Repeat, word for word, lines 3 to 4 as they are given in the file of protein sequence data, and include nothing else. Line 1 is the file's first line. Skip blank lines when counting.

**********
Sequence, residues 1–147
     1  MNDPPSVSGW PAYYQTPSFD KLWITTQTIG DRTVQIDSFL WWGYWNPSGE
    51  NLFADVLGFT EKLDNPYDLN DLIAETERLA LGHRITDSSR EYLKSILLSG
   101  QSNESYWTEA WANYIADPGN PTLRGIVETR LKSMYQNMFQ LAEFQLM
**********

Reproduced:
    51  NLFADVLGFT EKLDNPYDLN DLIAETERLA LGHRITDSSR EYLKSILLSG
   101  QSNESYWTEA WANYIADPGN PTLRGIVETR LKSMYQNMFQ LAEFQLM